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Plautus: Military braggadocio


Anti-war essays, poems, short stories and literary excerpts

Greek and Roman writers on war and peace


From Miles Gloriosus, or The Braggart Captain
Translated by Henry Thomas Riley

What do you remember?

I do remember this. In Cilicia there were a hundred and fifty men, a hundred in Cryphiolathronia, thirty at Sardis, sixty men of Macedon, whom you slaughtered altogether in one day.

What is the sum total of those men?

Seven thousand.

It must be as much: you keep the reckoning well.

Yet I have none of them written down; still, so I remember it was.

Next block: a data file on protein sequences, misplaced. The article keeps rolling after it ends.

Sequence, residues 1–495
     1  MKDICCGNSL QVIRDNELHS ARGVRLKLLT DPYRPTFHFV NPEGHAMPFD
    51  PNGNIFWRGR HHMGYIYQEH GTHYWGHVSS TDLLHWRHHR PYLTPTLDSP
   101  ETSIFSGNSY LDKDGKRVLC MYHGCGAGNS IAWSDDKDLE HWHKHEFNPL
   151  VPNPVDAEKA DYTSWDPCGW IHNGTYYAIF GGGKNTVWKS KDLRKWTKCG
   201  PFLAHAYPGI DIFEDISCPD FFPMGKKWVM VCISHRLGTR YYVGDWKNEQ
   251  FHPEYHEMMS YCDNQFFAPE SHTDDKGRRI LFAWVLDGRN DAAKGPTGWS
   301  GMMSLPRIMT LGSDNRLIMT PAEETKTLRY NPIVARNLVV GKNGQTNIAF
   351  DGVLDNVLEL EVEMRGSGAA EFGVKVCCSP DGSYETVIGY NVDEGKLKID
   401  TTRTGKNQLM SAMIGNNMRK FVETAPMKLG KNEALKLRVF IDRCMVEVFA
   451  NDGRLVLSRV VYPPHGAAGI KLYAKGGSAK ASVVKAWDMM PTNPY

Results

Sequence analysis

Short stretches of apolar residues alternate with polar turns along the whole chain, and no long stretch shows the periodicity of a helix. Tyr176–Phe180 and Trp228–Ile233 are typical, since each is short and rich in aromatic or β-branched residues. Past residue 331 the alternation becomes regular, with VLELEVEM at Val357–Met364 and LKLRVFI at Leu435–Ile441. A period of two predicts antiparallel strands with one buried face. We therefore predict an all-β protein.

By my troth, you have a right good memory.


Besides, in Cappadocia, you would have killed five hundred men altogether at one blow, had not your sabre been blunt.

I let them live, because I was quite sick of fighting.

Why should I tell you what all mortals know, that you, Pyrgopolinices, live alone upon the earth, with valour, beauty, and achievements most unsurpassed? All the women are in love with you, and that not without reason, since you are so handsome…

This city is Ephesus; then, the Captain, my master, who has gone off hence to the Forum, a bragging, impudent, stinking fellow, brimful of lying and lasciviousness, says that all the women are following him of their own accord. Wherever he goes, he is the laughing-stock of all…

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